I was so used to call myself a dreamer through all my life. And lately I have seen so many of my dreams coming true, that I don’t know what to call myself any longer. A dream catcher? 🙂 Here I want to share my Spanish dream.
My first visit to Spain was to the city of Barcelona, six years ago. Anyone surprised? Me not :). It is definitely the most visited city in Spain (and then you discover the difference between Catalonian and Spanish mentalities, but it comes later…). My friend has been to Spain before and wanted to spend every morning on the beach – “because it is our summer vacation” (and coming from Norway where the summer weather is unpredictable, you’d better use those sunny days wisely). So our beach mornings were long, stretching over into late afternoon. Then we would take subway to get back to hotel, tired from the sun, jump (or crawl) in the shower and stroll out in the open arms of the city waiting for us. It was the time to do some sightseeing and eating tapas. Drinking sangria became a habit too (of course 🙂 ). We did it all: walking on La Rambla and buying tickets for a flamenco show, taking pics in Parc Guell and partying in the club. In the infamous style “been there, done that”.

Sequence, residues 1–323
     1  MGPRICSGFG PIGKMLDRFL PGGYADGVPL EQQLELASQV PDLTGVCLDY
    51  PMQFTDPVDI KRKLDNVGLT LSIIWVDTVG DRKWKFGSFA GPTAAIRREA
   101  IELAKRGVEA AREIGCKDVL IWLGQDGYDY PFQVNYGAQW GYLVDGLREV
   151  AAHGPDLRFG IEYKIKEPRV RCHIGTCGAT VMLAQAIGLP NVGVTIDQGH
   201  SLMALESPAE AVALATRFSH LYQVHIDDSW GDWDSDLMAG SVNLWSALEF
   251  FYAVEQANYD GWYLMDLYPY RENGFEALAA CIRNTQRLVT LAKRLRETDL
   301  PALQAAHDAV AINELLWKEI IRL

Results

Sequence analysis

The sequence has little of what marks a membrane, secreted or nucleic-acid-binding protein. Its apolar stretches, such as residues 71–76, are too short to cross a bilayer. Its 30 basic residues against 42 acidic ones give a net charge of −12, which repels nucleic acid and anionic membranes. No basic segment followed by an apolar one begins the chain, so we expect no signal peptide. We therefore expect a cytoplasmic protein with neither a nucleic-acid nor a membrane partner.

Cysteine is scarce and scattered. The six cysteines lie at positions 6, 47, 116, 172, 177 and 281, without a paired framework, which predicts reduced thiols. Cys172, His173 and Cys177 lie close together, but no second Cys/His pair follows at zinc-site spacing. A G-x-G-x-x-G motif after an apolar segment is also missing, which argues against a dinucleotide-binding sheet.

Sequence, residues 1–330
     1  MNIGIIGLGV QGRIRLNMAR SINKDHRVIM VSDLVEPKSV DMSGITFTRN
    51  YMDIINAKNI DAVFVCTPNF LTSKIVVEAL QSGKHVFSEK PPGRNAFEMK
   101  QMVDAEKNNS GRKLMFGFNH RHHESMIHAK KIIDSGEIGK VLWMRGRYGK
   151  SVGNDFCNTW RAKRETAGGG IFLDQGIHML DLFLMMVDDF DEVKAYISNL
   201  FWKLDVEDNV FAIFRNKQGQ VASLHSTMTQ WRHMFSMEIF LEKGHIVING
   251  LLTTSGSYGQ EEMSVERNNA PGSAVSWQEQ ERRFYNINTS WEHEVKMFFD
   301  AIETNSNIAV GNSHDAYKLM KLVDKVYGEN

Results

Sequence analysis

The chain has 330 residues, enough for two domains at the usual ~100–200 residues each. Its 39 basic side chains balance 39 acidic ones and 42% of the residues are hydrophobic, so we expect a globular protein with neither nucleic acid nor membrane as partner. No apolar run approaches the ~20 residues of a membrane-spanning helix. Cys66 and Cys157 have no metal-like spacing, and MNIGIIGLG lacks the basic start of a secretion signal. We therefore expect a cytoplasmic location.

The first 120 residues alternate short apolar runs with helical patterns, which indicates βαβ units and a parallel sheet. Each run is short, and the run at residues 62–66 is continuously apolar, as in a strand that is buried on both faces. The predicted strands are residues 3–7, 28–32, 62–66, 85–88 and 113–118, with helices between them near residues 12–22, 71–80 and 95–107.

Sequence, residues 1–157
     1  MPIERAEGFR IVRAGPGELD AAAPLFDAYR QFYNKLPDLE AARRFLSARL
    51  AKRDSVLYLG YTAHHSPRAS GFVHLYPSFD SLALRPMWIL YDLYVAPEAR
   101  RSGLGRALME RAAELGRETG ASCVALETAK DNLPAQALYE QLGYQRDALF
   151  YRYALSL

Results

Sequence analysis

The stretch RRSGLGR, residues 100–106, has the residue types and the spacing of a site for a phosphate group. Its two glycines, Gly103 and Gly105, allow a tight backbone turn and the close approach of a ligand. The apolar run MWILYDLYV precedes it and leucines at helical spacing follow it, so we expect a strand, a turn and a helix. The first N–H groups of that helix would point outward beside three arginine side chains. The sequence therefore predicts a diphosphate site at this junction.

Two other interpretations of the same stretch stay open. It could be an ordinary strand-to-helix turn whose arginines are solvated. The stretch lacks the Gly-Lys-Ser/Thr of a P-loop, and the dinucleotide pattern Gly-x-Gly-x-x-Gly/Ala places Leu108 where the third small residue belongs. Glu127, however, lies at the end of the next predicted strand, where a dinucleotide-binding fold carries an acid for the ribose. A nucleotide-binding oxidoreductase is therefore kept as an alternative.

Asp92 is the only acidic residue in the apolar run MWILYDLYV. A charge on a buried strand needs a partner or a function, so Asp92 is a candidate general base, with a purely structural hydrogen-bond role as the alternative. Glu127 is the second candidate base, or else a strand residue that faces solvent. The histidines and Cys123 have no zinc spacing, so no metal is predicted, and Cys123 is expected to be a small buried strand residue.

Honestly, I didn’t care much about the beach. We had only six days in this city and I was hungry for meeting the soul of Barcelona. I believe, that every city has its own vibe, its own soul – and I was very curious about The Great Enchantress, as they sometimes call her, Barcelona. My wish was to wander through its narrow streets, where light falls mystically from above, to look into windows of the bars, to sip coffee in a local café and listen to the locals sharing their daily life. This is my passion. I always want something more than a touristic experience, hopping on and off through the place like in the theme park. I want to get under the skin of the city, to feel its energy, to watch, hear and feel its people.Read More »